I see that ASB, continuing the plays on the Governor’s name, deems it an “Orrsome start”.  I wouldn’t call it an “Orrful start”, but if there are some encouraging aspects, there is plenty of room for improvement.  The Governor  –  being fluent –  seems to be prone to speaking a bit more quickly than he thinks.  Over time, that won’t necessarily serve him, or the Bank, that well.     But the absence of solid answers about why this time inflation really will get back to target –  in an economy that seems unlikely to grow even as fast as (the modest rates) managed over the last few years –  remains the most obvious gap.  Perhaps MPs could consider asking the Governor this afternoon about why we should believe him and his colleagues this time?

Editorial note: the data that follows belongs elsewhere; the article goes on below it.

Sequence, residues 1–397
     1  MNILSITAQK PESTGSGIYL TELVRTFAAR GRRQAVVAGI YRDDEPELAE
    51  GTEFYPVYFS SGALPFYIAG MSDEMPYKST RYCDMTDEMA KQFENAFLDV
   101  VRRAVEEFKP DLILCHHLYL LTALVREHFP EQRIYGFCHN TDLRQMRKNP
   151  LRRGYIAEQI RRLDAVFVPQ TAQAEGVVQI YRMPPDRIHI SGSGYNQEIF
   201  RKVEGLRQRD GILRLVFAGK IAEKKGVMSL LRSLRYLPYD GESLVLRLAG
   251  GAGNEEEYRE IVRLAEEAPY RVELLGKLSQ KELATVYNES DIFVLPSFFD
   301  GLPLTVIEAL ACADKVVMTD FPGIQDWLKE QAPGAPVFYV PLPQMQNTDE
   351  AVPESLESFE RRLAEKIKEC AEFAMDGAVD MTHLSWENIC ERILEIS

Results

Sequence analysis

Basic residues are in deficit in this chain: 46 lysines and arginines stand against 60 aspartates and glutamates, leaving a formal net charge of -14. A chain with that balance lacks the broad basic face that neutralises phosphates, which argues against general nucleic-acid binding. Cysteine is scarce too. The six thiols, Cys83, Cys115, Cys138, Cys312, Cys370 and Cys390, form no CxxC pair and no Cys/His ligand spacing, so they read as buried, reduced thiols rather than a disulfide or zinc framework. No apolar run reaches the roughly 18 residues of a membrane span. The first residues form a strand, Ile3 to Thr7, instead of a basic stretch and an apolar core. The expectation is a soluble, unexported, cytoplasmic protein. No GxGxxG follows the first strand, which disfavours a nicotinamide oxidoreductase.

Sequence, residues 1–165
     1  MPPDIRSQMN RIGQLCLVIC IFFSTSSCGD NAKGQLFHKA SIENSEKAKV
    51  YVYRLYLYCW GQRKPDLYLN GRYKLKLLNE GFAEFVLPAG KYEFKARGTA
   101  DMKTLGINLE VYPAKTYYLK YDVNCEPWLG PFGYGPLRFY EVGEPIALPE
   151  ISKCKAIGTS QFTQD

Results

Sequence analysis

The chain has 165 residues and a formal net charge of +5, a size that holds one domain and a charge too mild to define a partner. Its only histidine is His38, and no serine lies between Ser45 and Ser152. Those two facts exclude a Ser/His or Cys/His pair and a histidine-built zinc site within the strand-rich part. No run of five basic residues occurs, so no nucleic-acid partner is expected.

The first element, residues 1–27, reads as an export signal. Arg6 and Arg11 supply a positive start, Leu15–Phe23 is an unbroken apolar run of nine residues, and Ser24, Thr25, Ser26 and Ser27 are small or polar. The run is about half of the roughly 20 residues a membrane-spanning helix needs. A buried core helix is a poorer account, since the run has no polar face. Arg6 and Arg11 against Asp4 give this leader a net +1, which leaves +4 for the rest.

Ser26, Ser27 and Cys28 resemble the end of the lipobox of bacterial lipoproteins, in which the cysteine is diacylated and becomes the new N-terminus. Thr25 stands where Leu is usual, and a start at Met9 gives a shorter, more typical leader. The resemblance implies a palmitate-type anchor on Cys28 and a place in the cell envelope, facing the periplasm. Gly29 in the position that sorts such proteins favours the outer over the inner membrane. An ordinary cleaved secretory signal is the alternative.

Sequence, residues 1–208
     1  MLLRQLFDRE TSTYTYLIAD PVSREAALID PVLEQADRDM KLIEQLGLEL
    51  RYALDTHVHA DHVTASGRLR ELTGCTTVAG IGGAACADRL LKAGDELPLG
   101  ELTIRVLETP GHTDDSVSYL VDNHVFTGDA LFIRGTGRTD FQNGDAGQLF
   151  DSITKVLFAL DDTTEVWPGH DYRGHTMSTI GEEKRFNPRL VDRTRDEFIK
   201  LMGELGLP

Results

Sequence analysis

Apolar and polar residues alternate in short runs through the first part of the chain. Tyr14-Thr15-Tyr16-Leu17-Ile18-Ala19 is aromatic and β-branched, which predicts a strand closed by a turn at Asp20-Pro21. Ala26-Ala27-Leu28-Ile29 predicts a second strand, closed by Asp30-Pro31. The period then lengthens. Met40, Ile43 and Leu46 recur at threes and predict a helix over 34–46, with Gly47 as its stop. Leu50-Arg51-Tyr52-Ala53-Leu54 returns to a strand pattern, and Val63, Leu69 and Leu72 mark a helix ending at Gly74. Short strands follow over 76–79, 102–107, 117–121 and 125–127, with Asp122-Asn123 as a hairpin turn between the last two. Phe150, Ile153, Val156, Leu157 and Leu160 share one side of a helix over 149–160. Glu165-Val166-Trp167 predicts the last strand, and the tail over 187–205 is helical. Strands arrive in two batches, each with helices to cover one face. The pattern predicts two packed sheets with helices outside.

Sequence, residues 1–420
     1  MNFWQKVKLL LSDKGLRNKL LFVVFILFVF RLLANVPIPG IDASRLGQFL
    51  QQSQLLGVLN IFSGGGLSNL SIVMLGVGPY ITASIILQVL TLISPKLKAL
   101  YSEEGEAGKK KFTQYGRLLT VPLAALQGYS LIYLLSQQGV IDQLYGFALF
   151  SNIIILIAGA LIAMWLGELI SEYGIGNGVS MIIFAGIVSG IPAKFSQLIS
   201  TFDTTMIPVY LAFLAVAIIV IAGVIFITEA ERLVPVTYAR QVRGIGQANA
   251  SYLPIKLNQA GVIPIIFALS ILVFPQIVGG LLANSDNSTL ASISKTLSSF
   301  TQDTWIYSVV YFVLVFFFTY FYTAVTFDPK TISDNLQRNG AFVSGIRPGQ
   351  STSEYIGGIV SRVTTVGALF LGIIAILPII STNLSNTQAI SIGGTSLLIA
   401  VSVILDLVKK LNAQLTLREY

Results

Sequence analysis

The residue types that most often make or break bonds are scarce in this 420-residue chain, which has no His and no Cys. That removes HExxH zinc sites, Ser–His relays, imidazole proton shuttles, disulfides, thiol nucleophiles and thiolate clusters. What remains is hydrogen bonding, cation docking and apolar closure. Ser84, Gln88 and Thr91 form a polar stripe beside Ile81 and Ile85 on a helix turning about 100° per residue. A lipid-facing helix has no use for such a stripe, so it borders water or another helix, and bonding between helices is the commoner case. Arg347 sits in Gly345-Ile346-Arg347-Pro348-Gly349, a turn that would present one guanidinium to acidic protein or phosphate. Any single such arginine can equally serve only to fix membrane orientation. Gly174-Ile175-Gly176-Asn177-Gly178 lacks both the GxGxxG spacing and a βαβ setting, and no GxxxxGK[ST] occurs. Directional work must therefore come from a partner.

Perhaps the Reserve Bank (and the FMA) should heal themselves

Suppose that the rules of a superannuation scheme explicitly required that any rules changes that could have an adverse effect on the interest of any member in that scheme could only be made with the unanimous consent of such members.

Suppose too that nonetheless the trustees of such a scheme went ahead and changed the rules of a defined benefit scheme in a way that allowed the employer to arbitrarily (ie no constraints at all) reduce the rate at which pension benefits were calculated (including in respect of periods of employment, and employee contributions, prior to the rule change).  No consent from potentially affected members was sought for this change.

Suppose that in making this change, they had the endorsement/consent of the board of directors of the employer, and of the chief executive of the organisation.

Suppose too that that new power was actually exercised by the employer, in a way which led to longstanding employees later retiring with pensions considerably lower than they would otherwise have been.  That represented a substantial wealth transfer (probably millions of dollars) to the employer.